Graham Nash has wild tales to tell in autobiography

Graham Nash autobiographyIn the 1960s and 70s, Graham Nash was one of the musicians at the intersection of global musical creativity that defined those decades. He started as a co-founder and major voice behind the The Hollies, which led the British Invasion with (among others) The Beatles and The Rolling Stones. As he grew artistically beyond the band’s pop-oriented sound, he departed to become a collaborator with David Crosby, Stephen Stills, and Neil Young, before turning to a career as a solo artist. In his engaging 2013 autobiography, Wild Tales, Nash tells all: not just the sex, drugs, and rock-and-roll (naturally), but also the drama, artistry, and moments of transcendence. The book is filled with interesting tidbits. There are exchanges with many of the seminal musicians and insiders of that era, including Joni Mitchell, Mama Cass, Jimi Hendrix, Miles Davis, John Lennon, Jerry Garcia, Elton John, David Geffen, and Ahmet Ertegun (co-founder of Atlantic Records).

I was a budding teenager when Crosby, Still & Nash burst forth with their groundbreaking album in 1969. I instantly fell in love with the singles “Marakesh Express” (written by Nash) and “Suite: Judy Blue Eyes” (written by Stills). The album was a different direction from the electric guitar-oriented music that was starting to dominate rock. The gorgeous vocal harmonies and the seamless blending of pop, rock, and country/Americana paved the way for the explosive popularity of performers like Linda Ronstadt and The Eagles as the 70s dawned. In a scenario that has become almost a cliché of the music industry, Apple Records passed up the chance to release the CSN album—“not for us,” they told Nash. Fortunately, Ertegun was a fervent supporter of the trio, and the album was eventually released on the Atlantic label. Nash shares dozens of insightful anecdotes, such as hearing Little Richard berate his guitarist Jimi Hendrix for upstaging him during a performance. Or talking to Miles Davis about Crosby’s disappointed reaction to Davis’ interpretation of “Guinevere.”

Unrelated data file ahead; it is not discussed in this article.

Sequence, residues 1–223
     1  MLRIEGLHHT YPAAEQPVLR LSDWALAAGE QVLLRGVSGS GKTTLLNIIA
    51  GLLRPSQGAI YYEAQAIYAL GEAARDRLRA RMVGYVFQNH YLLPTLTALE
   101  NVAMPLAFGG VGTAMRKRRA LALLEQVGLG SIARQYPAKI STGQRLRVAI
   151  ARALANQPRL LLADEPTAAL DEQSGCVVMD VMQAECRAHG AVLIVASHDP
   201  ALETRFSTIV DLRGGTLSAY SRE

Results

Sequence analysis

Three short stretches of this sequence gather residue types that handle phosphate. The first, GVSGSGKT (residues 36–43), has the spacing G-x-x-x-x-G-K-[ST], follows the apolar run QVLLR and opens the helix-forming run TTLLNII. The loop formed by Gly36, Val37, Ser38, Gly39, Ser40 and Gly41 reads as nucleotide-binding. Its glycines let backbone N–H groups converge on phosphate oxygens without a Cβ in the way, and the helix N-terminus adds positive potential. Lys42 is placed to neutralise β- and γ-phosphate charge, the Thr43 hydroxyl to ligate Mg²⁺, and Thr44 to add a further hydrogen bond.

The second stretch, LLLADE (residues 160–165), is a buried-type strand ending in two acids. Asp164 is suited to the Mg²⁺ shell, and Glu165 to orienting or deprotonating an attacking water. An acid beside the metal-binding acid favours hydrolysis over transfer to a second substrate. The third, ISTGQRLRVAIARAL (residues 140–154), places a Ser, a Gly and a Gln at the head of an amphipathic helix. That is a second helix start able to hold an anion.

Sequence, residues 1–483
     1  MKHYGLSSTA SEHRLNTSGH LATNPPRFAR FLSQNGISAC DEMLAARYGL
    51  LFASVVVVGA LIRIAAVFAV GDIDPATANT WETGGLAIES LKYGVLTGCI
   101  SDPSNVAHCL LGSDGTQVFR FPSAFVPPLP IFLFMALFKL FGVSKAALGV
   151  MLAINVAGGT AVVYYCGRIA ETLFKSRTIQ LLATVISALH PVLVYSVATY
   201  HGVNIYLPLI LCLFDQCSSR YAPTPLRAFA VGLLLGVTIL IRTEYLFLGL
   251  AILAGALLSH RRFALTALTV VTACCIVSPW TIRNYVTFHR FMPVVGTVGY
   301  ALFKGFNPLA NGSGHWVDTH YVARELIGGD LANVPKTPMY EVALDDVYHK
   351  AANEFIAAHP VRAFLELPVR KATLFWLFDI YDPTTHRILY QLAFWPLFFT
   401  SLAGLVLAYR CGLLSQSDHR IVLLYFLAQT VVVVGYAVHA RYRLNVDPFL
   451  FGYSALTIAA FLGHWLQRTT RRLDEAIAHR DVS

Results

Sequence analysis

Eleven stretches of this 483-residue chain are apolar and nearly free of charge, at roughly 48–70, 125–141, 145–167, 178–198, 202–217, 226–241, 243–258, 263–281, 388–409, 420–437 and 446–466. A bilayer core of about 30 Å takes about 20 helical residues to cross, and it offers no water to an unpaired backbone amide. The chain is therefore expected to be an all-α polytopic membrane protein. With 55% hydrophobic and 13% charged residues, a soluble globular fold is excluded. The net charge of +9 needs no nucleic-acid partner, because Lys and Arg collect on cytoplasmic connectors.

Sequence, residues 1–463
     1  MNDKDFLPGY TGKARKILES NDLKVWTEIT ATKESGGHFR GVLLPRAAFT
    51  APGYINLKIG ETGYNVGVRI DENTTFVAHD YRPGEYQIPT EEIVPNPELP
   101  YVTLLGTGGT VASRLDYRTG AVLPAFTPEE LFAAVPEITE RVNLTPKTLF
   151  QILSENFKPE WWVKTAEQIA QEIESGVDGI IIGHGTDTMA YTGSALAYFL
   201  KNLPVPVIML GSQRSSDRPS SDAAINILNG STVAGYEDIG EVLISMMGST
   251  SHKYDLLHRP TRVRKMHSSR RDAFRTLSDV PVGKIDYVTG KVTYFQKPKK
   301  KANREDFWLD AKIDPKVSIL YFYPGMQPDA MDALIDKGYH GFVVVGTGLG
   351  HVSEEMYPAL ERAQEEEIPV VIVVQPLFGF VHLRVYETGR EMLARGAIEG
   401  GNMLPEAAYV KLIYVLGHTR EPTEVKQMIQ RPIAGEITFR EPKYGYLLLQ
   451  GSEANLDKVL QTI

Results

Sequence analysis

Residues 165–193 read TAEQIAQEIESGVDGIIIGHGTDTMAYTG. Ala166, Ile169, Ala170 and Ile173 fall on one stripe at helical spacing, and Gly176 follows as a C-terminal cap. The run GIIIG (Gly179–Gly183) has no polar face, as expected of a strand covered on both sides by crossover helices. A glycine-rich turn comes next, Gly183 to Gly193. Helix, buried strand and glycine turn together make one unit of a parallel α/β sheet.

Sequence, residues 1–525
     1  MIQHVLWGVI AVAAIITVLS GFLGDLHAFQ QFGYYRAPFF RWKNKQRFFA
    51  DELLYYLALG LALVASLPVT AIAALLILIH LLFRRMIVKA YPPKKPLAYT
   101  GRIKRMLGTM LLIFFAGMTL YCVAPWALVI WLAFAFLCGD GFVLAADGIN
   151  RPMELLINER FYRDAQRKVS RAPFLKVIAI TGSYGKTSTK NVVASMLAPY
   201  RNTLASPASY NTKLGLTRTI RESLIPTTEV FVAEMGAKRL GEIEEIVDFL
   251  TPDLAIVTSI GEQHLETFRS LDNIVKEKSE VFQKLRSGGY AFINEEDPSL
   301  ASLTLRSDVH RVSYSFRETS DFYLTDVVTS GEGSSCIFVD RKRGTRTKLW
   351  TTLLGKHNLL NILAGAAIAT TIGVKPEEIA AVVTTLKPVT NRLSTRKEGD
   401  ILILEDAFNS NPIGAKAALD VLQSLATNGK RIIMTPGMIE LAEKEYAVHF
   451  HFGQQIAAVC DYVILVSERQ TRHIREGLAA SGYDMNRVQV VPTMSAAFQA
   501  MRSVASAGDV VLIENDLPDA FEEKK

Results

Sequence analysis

Wild Tales relives the cultural ferment that led to so much amazing musical creativity during those decades. It was a time when a pop song that broke all the rules with episodic sections that didn’t repeat—“Suite: Judy Blue Eyes”—could become a hit and a classic. Nash’s persona and the excitement of the era come alive through the narrative. Makes you long for another era, an escape from our current state of relatively sterile pop music.

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